The four sections of the amendment deal with four possible situations in which the line of succession would need to be put into play. First, if the President dies or resigns, the VP takes over. Second, if there is no VP for one reason or another, the President nominates a new one, who has to be confirmed by Congress. Third, if the President declares that he cannot fulfill his duties for some period of time, the VP becomes Acting President. And finally, if it is decided (by “the Vice President and a majority of either the principal officers of the executive departments or of such other body as Congress may by law provide”) that the President cannot do his job, the Vice President becomes Acting President until the President submits a written declaration that he can in fact do his job. If there’s disagreement about whether or not that’s the case, Congress gets to decide.

The amendment was soon put to the test.

An effort among some in Washington to push to have President Richard Nixon declared incapacitated prior to his resignation had not gone anywhere, but the scandals of the early 1970s did call for the use of the amendment as a means of replacing the Vice President. The resignation of embattled Vice President Spiro Agnew in late 1973 led Nixon to pick Gerald Ford to be his new Vice President, under the terms of the 25th—which was invoked once again only about a year later, when Nixon’s resignation put Ford in the White House, leaving the Vice Presidency open for Ford to name Nelson Rockefeller to the post.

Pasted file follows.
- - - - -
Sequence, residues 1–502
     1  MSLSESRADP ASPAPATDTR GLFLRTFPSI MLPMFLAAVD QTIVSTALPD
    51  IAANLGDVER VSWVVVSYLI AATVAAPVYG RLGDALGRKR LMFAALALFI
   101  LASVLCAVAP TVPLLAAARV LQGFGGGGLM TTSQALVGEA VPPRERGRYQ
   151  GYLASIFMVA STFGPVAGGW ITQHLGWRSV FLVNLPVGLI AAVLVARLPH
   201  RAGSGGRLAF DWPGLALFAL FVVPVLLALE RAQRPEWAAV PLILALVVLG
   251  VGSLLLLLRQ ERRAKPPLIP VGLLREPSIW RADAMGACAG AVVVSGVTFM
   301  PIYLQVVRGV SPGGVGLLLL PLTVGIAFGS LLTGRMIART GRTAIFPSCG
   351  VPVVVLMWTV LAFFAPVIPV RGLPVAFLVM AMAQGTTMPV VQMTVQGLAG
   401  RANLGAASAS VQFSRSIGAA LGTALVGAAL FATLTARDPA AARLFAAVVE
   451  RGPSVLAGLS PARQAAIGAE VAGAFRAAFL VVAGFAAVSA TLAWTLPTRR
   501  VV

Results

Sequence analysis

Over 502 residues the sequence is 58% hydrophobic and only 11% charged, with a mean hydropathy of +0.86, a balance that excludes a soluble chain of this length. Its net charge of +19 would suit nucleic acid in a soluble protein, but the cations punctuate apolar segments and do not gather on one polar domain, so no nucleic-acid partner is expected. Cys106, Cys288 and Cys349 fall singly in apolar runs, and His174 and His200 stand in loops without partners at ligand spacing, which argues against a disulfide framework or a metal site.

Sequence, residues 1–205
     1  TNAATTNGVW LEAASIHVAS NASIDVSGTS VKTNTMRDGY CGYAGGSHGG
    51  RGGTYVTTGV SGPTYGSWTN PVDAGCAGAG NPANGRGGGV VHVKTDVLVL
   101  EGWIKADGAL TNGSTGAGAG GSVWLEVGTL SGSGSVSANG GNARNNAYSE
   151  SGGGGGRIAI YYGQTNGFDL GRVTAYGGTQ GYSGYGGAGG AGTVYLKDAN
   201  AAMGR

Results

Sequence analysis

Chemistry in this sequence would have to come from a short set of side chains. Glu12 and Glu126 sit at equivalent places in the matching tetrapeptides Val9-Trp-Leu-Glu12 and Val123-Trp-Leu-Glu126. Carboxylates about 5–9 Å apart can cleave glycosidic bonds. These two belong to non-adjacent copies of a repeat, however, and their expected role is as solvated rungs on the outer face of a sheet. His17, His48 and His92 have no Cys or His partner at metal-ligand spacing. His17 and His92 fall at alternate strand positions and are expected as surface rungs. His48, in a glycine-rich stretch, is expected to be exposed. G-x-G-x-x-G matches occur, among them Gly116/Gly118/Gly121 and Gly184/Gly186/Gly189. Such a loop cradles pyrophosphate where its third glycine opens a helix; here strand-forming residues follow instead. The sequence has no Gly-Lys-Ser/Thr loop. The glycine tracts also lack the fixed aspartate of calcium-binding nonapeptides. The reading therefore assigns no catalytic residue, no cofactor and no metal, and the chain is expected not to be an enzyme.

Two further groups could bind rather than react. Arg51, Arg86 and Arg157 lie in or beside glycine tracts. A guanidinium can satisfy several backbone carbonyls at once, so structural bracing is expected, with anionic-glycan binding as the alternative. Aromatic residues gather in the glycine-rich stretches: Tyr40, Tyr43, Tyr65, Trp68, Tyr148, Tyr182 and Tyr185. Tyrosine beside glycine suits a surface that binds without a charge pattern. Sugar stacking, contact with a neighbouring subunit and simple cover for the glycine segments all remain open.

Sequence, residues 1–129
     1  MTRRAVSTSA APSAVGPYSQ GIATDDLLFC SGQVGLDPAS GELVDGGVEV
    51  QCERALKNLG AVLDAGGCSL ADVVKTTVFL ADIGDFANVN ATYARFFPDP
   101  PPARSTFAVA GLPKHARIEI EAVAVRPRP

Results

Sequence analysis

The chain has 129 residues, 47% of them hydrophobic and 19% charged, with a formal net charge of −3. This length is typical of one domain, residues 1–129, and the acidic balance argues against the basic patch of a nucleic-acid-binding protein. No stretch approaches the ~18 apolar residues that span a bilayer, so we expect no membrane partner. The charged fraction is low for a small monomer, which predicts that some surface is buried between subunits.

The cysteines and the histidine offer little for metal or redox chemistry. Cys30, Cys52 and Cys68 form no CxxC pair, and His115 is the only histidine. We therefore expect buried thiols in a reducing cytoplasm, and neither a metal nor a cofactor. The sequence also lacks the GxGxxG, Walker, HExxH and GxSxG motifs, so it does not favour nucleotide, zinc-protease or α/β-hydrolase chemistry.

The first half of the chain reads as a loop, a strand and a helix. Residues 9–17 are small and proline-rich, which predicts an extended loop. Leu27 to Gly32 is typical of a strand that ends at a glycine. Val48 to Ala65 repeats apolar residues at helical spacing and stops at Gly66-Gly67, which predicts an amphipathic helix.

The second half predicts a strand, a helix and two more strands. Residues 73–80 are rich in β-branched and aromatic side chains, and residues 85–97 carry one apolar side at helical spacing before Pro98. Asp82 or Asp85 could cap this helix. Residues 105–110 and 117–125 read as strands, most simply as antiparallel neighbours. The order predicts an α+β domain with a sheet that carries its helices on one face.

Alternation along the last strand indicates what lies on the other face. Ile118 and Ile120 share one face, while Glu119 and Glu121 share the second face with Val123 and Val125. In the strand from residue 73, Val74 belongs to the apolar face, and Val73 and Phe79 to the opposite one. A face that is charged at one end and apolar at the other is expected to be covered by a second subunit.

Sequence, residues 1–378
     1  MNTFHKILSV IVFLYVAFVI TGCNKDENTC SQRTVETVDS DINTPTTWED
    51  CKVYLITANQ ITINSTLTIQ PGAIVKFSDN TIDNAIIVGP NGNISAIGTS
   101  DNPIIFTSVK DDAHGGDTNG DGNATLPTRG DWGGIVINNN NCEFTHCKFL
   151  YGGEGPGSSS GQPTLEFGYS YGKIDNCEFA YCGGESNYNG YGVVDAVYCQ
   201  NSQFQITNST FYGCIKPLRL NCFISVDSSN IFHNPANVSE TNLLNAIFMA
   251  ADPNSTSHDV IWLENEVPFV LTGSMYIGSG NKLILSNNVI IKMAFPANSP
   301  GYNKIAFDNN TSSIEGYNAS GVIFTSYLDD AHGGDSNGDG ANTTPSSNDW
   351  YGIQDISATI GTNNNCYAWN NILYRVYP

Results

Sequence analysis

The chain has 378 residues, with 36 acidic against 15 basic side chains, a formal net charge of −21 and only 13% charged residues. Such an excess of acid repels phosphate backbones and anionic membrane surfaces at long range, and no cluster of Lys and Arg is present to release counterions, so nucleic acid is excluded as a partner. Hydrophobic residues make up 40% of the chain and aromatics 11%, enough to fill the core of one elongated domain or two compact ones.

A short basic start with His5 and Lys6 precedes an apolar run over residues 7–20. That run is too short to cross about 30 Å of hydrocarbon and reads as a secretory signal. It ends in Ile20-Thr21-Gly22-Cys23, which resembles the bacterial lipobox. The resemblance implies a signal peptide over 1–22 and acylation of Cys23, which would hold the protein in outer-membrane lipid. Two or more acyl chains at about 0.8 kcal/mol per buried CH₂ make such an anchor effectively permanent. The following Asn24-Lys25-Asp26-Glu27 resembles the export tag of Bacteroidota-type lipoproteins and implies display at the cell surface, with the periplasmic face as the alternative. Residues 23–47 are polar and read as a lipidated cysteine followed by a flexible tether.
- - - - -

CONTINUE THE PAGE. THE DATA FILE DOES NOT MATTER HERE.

Ronald Reagan would put the amendment to use as well, in 1985, when he declared that George H.W. Bush would be in charge while he was unconscious during a surgery. (George W. Bush did the same during his time in office.) And, to those worried about the consequences of Reagan’s place as the oldest President in U.S. history at the time of his election—a superlative he has since given up to Donald Trump—the Amendment offered a safety valve. One TIME columnist surmised in 1984 that, thanks to television, the world would “instantly” detect presidential infirmity in a way that would past ailing presidents managed to avoid.

The amendment has become newly newsworthy in recent weeks, as some opponents of President Trump, such as former George W. Bush speechwriter David Frum, have floated the idea that the Amendment could be used to declare that the President is “unable to discharge the powers and duties of his office.”

Though it is very unlikely that such an event might take place—the process for declaring a President incapacitated against his will is purposefully difficult—those who fought for its creation a half-century ago might be glad to hear that the American people know that, if the President were incapacitated, the steps to take are clear.

“By this thoughtful amendment, [the amendment’s advocates] have further perfected the oldest written constitution in the world,” Johnson said upon its ratification. “They have earned the lasting thanks of the American people, for whom it has so long secured the blessings of liberty.

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Write to Lily Rothman at lily.rothman@time.com